So you think the oil firms have been very unfair to Bayelsa oil bearing communities? What is your least expectation in times like this?

In the field of football, the referee is the regulator. We need to see the regulators of oil industry clearly separated from the oil companies. And this also means proper funding of the agencies like NOSDRA and Ministry of Environment in the states.

I can’t put total blame on any oil company because we also have fraudulent and unscrupulous community folks who act in ways that deny our communities of environmental justice. These community folks, some leaders and so-called smart ones in the cities who see themselves as willing tools in the hands of the oil companies; they have share in the blame. They are benefit captors; including some government officials in the state.

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When you say unfair to oil producing communities, I wonder what exactly is the issue. You said some government officials share in the blame. How?

This is so because, I see more of oil companies facilities in communities more than state government sponsored projects in the communities.  The 13 per cent derivation is not seen in the oil producing communities even though this 13 per cent derivation is received without fail every month. Some government officials pursue individual benefits instead of the collective when dealing with issues of pollution. I have been reliably informed that some are soliciting for oil spill clean-up contracts from the same companies they ought to regulate.

So, if instead of pursuing the collective interest, one stoops so low as to go after his/her personal gain; what would such be if not comprising the common interest? If you check some of them and follow up their assets, both landed, moveable and cash in different banks; they cannot justify how they made the money to acquire such.

Some professionals in the state ministry of environment might also not let the commissioner for environment know or have access to every communication with the oil companies. That is why sometimes a commissioner for environment may not be aware of certain development . Journalists may seek information and not have due to such lacuna.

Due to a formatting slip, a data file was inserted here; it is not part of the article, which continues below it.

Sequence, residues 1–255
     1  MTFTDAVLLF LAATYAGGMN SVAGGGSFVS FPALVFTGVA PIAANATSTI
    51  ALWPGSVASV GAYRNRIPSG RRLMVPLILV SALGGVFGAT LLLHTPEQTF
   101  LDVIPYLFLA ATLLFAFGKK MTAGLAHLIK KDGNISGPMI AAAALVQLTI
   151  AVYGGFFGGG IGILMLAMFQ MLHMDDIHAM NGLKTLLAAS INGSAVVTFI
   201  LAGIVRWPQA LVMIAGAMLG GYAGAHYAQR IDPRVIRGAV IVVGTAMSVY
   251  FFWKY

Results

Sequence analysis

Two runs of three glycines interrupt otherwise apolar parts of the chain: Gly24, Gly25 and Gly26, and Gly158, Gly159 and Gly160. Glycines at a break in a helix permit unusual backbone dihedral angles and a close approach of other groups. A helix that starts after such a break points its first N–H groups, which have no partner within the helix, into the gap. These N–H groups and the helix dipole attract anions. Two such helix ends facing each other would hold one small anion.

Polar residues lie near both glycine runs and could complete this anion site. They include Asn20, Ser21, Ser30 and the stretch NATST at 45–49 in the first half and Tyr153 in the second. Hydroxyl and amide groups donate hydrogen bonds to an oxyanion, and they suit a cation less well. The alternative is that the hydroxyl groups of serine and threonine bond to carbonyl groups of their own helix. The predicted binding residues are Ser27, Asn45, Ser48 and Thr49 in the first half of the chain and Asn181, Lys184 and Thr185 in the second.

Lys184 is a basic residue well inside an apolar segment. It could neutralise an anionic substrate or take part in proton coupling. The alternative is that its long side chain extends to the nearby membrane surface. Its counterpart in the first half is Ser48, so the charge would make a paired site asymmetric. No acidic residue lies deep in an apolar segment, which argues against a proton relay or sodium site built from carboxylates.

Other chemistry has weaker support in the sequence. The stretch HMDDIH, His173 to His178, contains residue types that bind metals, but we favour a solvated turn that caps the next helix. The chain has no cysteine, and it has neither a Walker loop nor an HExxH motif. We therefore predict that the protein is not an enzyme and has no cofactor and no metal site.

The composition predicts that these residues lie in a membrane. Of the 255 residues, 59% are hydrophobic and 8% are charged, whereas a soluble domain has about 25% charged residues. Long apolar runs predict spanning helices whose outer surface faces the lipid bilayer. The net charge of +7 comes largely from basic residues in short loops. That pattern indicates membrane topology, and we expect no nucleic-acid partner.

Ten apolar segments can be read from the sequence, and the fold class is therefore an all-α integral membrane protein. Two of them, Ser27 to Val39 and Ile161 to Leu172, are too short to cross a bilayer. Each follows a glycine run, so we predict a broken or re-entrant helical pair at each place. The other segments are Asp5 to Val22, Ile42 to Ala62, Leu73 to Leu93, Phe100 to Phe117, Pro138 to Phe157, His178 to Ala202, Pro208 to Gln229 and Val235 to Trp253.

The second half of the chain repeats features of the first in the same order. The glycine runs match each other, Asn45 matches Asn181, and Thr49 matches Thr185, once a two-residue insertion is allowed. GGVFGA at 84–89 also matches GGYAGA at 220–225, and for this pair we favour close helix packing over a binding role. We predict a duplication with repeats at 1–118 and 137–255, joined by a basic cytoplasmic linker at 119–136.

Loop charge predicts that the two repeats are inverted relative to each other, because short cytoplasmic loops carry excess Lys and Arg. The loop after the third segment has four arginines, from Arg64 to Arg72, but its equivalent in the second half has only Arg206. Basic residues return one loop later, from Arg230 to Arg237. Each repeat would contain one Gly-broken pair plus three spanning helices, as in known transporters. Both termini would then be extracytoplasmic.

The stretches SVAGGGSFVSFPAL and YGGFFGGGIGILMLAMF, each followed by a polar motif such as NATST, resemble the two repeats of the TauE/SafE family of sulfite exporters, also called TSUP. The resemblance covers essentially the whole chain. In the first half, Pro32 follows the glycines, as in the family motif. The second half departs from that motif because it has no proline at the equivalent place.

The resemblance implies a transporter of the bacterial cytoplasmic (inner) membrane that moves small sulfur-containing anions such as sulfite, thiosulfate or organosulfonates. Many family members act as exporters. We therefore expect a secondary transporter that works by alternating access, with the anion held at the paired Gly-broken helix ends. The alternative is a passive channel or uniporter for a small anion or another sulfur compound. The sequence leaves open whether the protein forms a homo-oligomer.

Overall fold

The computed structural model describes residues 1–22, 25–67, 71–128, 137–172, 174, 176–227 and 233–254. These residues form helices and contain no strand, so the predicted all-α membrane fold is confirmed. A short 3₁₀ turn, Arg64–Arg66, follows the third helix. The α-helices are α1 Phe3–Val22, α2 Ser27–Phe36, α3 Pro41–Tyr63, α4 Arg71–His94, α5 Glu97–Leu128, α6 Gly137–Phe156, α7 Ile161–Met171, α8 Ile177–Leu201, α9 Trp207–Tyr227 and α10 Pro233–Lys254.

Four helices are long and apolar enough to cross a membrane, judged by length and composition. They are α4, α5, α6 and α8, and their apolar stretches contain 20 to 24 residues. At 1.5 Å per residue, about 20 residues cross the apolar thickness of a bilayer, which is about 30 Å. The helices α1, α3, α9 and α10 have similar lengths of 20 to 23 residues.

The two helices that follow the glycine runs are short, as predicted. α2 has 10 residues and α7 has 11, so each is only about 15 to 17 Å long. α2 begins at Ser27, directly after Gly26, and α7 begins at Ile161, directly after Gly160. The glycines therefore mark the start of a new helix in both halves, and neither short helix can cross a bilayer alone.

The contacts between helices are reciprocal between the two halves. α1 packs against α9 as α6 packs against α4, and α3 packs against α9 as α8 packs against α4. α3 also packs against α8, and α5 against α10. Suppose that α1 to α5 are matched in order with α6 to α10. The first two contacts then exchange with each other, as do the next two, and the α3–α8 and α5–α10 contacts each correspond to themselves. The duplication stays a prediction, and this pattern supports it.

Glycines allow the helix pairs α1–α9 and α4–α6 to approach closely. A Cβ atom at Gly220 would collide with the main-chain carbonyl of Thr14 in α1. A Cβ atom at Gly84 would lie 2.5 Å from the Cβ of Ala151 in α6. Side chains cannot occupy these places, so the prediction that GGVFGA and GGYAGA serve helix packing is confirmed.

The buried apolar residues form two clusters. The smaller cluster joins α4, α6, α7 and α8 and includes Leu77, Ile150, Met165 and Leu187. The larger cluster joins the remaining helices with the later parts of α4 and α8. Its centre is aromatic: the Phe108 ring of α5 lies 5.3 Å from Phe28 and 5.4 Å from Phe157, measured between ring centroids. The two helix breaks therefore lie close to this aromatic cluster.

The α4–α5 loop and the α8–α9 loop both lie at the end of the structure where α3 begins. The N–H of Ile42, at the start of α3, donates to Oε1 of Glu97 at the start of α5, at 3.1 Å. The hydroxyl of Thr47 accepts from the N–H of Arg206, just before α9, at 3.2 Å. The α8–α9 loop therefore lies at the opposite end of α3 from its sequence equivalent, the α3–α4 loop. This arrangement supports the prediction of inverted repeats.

If I will hold oil companies accountable, it would be in how they fail to maintain their facilities and reaction to oil Spills in terms of effective clean-up and remediation.

Oil companies set spill sites ablaze again and again but regulatory agencies pretend not to know. Regulators only visit spill sites for JIV with the oil companies and fail to follow up to know whether impacted sites are properly cleaned or remediated, especially in Bayelsa State. I can name several sites. Currently, there is one site set ablaze along Agip’s Ogboinbiri/ Tebidaba pipeline at Ondewari/ Okpotuwari Environment in Southern Ijaw local government area. You go to Okordia, Biseni, Oruma, JK4, the story is the same; Shell and Agip doing great damage to our environment and the regulators are unaware or pretending.

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Were you ever disappointed in the federal government’s handling of the spill?

Very disappointed.

What were your expectations?

Reviewing Oil industry policies to ensure effective regulatory bodies and, taking the issues of proper clean-up and remediation of impacted areas as a matter of priority. As far as clean up and remediation of spill sites in Bayelsa is concerned, we need the UNEP recommended standard because oil spill is oil spill and the effects on the environment and people is the same.

What should all the stakeholders do to avert further occurrences

Accidents are bound to occur, but when they happen, stakeholders should take all necessary actions expected. Oil companies should ensure integrity checks on their facilities regularly. This should be confirmed by relevant agencies of state and federal agencies

The Civil Society and media should be given their constitutional spaces to operate freely, including access to sites of interest. Using the military to deny access is undemocratic and unacceptable.